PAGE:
Samsung reportedly mulls legal action to ban iPhone 5 in Europe

Samsung is considering whether seek an injunction against Apple that would stop the sale of the new iPhone 5 in Europe, according to multiple reports. The South Korean company believes that Apple's latest smartphone uses cellular technology that Samsung has patented.

According to the Financial Times, a person close to Samsung said that lawyers were working on the injunction but the company was undecided in which country to file the action. The report said Samsung might try to ban the iPhone 5 in Europe or South Korea. Reuters also reported that Samsung may seek an ban on sales of the iPhone 5, and the Maeil Business Newspaper reported that Samsung may seek an injunction request on the device in Europe.

This is a fresh twist to the long-running battle between Apple and Samsung over patent infringements. Apple has gained the upper hand by having sales of the Samsung Galaxy 10.1 remain blocked in Germany. The two firms have around 20 legal disputes between them over patents across nine countries, including the US, South Korea and the UK.

While Samsung has declined to comment on the likelihood of forthcoming action, it has confirmed it is shifting away from a defensive strategy. "We stand a good chance of winning the cases if we use our patents related to wireless communications standards," Samsung said in a statement to the Financial Times. "The wireless technologies such as the W-CDMA and HSPA standards are essential for mobile devices. So they can be a big weapon for us."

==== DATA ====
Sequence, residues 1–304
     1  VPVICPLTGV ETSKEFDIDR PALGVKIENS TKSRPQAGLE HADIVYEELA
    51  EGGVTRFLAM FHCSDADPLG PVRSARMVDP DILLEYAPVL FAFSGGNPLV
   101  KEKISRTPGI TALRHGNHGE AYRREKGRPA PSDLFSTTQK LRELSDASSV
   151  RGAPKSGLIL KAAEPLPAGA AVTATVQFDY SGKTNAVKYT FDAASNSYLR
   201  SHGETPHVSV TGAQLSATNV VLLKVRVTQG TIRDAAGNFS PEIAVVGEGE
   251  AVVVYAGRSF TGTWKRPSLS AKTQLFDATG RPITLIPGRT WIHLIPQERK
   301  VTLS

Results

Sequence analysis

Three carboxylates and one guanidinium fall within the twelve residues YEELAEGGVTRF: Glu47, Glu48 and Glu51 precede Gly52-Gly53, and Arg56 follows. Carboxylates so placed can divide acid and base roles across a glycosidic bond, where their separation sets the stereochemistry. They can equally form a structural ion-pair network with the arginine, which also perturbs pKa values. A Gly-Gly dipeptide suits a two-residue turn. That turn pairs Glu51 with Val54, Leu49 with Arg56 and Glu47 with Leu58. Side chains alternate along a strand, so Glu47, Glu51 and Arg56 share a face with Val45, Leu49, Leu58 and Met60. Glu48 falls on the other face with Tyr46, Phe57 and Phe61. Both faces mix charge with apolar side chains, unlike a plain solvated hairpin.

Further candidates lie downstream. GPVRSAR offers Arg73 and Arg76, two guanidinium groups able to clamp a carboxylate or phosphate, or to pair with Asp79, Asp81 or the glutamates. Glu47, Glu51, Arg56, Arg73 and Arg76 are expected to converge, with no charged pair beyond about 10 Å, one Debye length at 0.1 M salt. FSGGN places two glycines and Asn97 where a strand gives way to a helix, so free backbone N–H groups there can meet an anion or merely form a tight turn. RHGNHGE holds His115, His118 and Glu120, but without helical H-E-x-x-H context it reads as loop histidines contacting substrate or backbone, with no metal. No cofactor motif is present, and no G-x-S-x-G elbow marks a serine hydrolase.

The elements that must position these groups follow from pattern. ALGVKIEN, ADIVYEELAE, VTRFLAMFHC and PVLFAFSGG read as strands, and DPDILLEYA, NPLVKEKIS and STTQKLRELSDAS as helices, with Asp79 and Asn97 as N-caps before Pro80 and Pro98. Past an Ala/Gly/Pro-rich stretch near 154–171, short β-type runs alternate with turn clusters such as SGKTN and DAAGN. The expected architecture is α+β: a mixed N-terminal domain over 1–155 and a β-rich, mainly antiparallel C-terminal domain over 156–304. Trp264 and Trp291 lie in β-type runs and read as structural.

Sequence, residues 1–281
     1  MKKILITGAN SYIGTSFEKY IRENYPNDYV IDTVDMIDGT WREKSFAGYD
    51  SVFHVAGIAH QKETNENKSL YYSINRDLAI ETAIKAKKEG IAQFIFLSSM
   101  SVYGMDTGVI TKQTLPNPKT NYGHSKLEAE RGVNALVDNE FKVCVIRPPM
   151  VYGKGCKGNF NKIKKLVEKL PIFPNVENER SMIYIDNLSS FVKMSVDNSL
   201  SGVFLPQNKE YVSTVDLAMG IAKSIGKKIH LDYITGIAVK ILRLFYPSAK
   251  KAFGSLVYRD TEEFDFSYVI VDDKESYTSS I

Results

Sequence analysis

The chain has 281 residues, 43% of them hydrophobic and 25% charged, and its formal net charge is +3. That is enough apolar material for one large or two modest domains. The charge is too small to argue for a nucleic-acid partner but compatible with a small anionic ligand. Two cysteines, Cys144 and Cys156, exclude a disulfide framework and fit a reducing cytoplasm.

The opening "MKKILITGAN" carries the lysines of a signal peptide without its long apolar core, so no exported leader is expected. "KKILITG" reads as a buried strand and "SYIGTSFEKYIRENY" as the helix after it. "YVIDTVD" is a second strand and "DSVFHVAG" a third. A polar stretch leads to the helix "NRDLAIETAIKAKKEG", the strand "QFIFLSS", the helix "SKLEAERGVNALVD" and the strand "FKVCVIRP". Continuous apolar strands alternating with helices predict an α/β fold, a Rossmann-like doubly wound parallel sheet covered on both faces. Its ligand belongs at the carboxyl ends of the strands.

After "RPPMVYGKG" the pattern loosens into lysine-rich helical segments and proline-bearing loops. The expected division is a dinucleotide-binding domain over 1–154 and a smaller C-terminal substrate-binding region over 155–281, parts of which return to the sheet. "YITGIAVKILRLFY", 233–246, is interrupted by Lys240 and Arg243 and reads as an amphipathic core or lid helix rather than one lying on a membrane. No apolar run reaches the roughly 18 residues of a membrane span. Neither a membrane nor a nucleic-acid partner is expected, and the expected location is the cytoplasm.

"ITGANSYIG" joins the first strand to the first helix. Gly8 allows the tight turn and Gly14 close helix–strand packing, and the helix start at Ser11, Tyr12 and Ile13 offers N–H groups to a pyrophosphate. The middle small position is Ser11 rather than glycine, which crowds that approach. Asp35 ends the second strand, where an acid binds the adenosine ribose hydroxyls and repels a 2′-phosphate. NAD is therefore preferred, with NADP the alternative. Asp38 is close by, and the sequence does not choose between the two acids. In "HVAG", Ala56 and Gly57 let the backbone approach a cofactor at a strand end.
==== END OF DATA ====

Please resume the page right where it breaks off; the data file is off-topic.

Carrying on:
Details of the new iPhone 5 remain shrouded in secrecy, and its launch is not expected until this month. Reports have indicated for months that the new iPhone will have a faster--and perhaps dual-core--processor, and will have its 5-megapixel camera bumped up to an 8-megapixel camera. However, Apple watchers also expect that the iPhone 5. could be released alongside a smaller or cheaper "iPhone 4S."

For more:
- see this Financial Times article (reg. req.)
- see this Reuters article
- see this Daily Telegraph article

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